• Providing companionship and supportCaregivers must be able to develop a positive relationship with their patients and understand how to support mental wellbeing. 

A private home care worker with more experience and licensure is likely to have additional responsibilities.

These tasks are often medicine-related as not all caregivers have the skills or knowledge to administer medication or assist with certain procedures. 

4. Learn the Costs of a Live In Caregiver

The cost of a live in caregiver depends on multiple factors.

One important component is whether the caretaker works for a caregiver agency or independently.

Those who are affiliated with an agency are often substantially more expensive than caretakers who are not associated with an agency. 

Private caregivers are usually paid per day. Their rates can range from $100 to $350 per day.

Moreover, the geographic region where the care must be provided also impacts the rate of pay. 

Furthermore, additional compensation is often required if the elderly caregiver is consistently required to work during sleeping hours or work overtime.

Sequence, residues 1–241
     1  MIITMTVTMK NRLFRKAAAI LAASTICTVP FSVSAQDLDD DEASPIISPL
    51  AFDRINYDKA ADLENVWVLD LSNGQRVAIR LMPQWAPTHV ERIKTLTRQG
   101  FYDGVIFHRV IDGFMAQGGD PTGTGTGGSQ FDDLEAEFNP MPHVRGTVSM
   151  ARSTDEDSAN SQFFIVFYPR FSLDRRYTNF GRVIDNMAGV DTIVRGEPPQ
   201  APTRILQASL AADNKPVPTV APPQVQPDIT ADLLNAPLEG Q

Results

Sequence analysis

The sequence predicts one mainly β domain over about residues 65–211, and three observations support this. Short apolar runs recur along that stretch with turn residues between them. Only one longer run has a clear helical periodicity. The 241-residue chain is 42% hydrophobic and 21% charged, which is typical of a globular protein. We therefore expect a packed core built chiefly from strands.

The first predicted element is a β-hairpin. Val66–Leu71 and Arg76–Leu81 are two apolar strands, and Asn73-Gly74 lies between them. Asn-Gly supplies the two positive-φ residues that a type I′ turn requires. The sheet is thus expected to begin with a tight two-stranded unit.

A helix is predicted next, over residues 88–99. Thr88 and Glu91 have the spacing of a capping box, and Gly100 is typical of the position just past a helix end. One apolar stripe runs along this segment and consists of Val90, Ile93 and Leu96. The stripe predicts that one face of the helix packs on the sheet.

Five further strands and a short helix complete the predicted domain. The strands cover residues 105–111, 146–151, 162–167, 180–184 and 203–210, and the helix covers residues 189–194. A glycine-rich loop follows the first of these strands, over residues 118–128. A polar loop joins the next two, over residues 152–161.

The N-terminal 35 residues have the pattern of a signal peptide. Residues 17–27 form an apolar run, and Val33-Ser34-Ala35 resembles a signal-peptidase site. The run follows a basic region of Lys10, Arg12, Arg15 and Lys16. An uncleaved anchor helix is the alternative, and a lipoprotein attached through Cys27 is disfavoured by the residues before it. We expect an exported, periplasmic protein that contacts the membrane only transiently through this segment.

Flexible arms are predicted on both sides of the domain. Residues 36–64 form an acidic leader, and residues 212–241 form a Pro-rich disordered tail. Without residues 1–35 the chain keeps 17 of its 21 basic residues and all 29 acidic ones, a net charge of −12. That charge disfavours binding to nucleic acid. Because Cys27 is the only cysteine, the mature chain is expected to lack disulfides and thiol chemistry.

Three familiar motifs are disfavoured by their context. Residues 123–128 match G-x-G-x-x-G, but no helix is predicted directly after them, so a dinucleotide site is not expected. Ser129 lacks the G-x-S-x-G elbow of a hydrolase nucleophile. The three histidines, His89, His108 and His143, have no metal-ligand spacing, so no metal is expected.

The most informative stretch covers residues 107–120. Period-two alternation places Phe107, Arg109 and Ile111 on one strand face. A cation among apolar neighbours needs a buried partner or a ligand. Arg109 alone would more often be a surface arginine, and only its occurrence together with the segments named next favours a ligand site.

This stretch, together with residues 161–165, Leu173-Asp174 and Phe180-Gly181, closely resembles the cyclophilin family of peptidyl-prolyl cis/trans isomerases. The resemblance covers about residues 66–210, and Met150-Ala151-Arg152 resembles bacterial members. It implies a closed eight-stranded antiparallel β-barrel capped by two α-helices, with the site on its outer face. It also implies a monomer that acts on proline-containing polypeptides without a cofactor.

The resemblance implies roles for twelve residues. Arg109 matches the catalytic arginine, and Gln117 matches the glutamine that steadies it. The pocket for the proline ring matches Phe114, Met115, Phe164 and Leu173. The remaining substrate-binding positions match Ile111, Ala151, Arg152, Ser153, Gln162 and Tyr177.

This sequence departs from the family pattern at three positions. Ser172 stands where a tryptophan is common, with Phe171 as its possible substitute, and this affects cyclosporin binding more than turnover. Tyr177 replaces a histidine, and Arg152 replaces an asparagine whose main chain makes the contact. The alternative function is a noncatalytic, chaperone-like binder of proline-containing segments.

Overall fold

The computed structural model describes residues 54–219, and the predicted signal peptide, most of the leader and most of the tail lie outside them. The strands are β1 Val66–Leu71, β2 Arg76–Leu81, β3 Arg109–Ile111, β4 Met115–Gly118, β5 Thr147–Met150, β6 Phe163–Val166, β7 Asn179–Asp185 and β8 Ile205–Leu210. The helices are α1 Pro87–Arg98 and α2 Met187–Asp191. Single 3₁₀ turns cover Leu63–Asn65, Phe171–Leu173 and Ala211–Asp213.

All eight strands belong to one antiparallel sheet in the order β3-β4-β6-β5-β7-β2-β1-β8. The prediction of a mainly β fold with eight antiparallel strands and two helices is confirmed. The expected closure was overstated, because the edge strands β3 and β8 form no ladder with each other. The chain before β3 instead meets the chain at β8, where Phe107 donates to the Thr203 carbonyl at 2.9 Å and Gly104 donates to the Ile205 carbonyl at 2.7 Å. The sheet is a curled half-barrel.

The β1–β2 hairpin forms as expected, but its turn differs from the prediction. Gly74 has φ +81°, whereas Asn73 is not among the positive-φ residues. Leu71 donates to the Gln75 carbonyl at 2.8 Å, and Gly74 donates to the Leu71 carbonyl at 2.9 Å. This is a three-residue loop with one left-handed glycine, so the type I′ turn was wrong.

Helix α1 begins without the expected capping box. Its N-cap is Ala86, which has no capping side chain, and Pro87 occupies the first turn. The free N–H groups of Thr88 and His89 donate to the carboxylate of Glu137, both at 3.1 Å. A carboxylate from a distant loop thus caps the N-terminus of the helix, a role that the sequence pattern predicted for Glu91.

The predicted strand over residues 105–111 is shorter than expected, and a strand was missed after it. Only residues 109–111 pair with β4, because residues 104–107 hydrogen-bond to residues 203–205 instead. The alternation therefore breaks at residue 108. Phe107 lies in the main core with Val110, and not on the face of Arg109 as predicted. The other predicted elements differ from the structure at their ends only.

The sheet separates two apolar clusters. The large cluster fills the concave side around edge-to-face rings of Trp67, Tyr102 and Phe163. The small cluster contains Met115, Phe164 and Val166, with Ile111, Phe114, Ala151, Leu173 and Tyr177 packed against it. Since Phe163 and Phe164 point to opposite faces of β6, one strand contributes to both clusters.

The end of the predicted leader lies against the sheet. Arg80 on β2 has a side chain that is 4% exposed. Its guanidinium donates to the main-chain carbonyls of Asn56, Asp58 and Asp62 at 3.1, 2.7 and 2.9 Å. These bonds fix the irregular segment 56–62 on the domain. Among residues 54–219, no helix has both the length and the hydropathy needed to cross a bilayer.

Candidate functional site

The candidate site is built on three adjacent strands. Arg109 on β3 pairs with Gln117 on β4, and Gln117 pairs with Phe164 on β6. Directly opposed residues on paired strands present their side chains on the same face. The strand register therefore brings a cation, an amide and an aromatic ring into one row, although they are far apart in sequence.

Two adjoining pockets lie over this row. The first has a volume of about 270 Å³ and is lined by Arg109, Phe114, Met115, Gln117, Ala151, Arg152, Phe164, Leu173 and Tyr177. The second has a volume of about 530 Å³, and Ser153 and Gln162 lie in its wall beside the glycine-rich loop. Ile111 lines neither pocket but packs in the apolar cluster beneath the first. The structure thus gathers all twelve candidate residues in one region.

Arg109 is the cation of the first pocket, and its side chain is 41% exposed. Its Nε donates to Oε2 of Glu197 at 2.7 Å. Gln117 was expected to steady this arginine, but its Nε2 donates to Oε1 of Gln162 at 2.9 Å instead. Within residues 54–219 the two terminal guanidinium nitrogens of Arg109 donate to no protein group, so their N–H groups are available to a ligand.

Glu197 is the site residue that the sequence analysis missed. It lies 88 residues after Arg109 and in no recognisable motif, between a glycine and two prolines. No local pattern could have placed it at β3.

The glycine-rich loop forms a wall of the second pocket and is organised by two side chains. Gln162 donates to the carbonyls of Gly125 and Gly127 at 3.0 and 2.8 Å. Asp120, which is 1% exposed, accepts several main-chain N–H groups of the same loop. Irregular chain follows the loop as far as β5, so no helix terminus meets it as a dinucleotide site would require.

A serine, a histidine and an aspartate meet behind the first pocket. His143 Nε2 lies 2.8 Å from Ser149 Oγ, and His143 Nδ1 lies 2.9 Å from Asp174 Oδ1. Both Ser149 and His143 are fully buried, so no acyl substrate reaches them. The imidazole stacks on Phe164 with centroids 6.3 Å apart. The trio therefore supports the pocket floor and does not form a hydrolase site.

In addition, hosting patients or their families must provide room, board and food for the caregiver. 

Thus, hiring a live-in caretaker can be costly. This is especially true for households that have Medicare instead of private insurance.

This is because Medicare does not offer coverage for long-term live-in care.  

5. How to Find the Right Live In Caregiver 

When looking for the right live in caregiver, residents must take several factors into consideration.

As mentioned in the previous section, residents must decide if they will hire through a home care agency or by other means. 

Agencies are able to provide quality caretakers that are vetted and streamline the payment process.

However, residents have little say in who is hired. Thus, while the caretaker will be qualified, he or she may not be the best personality match for the care receiver. 

Conversely, residents seeking private home care can search registries or ask friends and families for recommendations.

Using this method may take longer, but families will have more control over who they hire and what the caretaker’s hours, conditions and terms will be.